Having established limits on specific services means employees must consider cost, in addition to quality, when choosing where to have a procedure. This requires research on the employee’s part, encouraging active participation in his or her health care. It is estimated that low health literacy costs the United States $106 billion to $238 billion annually. By promoting employee engagement in health care decision-making, you are helping to educate employees, while lowering overall health costs.

Potential Cons

There are a number of considerations to make when implementing RBP, given the complexity of the model. It is paramount you work with a vendor who is reliable and experienced in the RBP process. The vendor must be able to ensure a smooth transition into this model, otherwise you risk disrupting highly utilized providers.

If you choose a vendor who is inexperienced, your RBP limits might be too low for the services your employees need, making the plans unaffordable. Moreover, not using a vendor (and its legal advocacy) could potentially leave you vulnerable to providers attempting to balance bill.

Implementing Reverence-based Pricing

Employers who want to use reference-based pricing (RBP) should select an experienced vendor with a proven track record for cost savings and client satisfaction. Because RBP is different from the traditional payment approach, the different options presented by vendors may be unfamiliar, and employers may not know what questions to ask. Your Harbor Financial Group brokers can help you with this process.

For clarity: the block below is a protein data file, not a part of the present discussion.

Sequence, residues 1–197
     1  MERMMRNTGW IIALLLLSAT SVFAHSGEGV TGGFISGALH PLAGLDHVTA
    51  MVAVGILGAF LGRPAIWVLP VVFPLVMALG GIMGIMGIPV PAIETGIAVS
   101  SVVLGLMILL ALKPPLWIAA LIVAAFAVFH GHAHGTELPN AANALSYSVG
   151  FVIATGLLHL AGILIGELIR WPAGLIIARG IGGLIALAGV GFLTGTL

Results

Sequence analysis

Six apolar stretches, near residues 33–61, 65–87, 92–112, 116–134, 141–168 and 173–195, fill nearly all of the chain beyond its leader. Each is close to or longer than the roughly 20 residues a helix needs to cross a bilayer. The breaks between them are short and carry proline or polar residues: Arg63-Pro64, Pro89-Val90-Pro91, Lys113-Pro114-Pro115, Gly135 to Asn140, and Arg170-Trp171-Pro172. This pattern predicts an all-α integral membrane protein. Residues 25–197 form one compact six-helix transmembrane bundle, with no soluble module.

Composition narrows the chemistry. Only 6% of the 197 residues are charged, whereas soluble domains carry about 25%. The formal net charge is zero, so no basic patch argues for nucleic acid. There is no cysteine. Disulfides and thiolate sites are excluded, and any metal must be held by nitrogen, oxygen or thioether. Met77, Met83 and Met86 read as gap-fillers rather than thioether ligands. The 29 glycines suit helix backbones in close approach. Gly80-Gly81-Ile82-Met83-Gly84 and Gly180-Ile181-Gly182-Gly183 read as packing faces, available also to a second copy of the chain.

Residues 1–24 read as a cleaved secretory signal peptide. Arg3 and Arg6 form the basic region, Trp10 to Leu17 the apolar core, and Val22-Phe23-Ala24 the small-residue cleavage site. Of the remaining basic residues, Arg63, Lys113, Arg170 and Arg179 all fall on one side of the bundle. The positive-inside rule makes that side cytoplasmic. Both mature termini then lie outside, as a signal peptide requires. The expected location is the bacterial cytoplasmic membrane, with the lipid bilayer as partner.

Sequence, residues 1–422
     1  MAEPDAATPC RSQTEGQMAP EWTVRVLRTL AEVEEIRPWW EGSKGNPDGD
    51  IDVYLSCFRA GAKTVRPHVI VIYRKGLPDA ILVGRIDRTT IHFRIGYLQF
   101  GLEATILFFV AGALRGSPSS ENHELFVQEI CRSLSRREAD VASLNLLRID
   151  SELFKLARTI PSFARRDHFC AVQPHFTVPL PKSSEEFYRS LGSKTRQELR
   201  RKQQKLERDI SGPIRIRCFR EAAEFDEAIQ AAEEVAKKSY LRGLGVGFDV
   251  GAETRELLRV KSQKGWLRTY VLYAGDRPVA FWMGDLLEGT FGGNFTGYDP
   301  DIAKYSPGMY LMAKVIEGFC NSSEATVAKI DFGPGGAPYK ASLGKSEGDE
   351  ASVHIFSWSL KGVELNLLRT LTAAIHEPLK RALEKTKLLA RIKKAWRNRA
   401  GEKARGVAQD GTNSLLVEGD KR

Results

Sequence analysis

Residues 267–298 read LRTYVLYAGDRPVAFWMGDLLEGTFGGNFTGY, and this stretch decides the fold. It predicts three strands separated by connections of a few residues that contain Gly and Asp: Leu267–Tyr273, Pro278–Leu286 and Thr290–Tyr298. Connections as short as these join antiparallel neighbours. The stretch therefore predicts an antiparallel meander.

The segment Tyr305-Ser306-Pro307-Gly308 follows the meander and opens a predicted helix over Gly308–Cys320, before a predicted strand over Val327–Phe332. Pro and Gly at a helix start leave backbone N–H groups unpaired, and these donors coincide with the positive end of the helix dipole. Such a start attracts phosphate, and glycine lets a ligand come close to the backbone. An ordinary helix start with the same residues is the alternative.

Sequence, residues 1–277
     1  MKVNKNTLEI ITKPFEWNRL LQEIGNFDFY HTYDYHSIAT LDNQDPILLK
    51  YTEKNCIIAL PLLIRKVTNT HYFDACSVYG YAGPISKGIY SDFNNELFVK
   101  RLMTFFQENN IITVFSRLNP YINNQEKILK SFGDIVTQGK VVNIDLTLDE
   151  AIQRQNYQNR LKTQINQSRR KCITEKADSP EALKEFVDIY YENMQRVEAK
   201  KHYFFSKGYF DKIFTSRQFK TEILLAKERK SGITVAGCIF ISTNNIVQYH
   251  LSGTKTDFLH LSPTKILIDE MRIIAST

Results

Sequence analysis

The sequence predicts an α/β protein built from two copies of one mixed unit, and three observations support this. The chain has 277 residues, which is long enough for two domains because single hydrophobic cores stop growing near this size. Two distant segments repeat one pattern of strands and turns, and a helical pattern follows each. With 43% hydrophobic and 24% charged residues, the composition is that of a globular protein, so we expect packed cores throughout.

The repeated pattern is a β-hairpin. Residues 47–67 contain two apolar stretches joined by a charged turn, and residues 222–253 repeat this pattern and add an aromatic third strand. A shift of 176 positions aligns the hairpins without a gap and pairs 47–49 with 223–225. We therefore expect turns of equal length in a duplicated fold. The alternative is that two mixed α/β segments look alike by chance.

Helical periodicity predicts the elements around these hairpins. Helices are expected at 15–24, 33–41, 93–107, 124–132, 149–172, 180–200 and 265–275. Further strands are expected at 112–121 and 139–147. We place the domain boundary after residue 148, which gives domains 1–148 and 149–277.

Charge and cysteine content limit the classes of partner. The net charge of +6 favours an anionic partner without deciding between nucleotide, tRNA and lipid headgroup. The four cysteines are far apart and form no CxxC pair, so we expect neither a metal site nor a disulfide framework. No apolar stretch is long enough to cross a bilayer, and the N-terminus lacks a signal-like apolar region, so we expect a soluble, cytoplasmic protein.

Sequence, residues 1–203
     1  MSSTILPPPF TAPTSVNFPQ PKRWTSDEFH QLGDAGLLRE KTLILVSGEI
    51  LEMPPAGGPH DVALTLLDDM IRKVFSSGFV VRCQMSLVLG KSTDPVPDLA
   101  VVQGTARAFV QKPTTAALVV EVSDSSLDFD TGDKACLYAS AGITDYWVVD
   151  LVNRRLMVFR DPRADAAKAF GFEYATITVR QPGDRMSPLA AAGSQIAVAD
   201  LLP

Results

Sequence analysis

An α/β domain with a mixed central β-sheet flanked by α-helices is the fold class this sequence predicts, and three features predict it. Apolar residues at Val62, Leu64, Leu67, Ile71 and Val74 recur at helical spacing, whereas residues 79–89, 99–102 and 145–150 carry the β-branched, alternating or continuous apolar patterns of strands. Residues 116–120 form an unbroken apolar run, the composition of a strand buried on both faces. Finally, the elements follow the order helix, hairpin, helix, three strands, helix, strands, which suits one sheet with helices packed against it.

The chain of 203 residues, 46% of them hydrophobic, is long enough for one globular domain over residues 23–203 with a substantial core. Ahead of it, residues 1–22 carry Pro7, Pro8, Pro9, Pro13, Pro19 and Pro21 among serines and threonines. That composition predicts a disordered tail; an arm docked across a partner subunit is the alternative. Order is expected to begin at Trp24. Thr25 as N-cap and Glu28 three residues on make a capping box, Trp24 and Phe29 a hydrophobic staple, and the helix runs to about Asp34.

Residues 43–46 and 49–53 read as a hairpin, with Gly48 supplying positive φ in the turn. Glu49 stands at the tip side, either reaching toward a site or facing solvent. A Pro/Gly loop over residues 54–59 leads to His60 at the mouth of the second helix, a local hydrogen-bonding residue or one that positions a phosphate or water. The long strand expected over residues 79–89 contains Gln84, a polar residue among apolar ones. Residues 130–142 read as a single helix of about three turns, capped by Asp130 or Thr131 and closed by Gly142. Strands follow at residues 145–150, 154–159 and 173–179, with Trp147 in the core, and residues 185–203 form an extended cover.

Consider asking potential RBP vendors the following questions:

  • How many clients do you have, and what is your client retention rate?
  • What is your established benchmark (or reference price) for paying claims?
  • What design options do you offer for services and providers covered by RBP?
  • What is the average cost savings for your clients?
  • How are your fees calculated (for example, percentage of billed charges or per-employee fee)?
  • Do you negotiate with providers in advance of employees receiving care? If so, how do you make sure providers adhere to the negotiated amounts?
  • What types of support are available for employees who receive balance bills?
  • What is your average response time for employees who reach out with balance billing questions?
  • What percentage of claims under RBP result in a balance bill?
  • What is your limit on negotiations with providers over balance bills?
  • How do you identify lower-priced providers for employees to use?
  • What resources do you provide for employees to locate providers who will accept the plan’s reference price?


RBP is an innovative strategy for lowering health care costs. As the market continues to evolve, employers are tasked with developing creative strategies for saving money. The RBP model is unique in its ability to reduce costs while simultaneously promoting employee health literacy.

To learn more about RBP, and to see if it is right for your organization, contact The Harbor Financial Group today.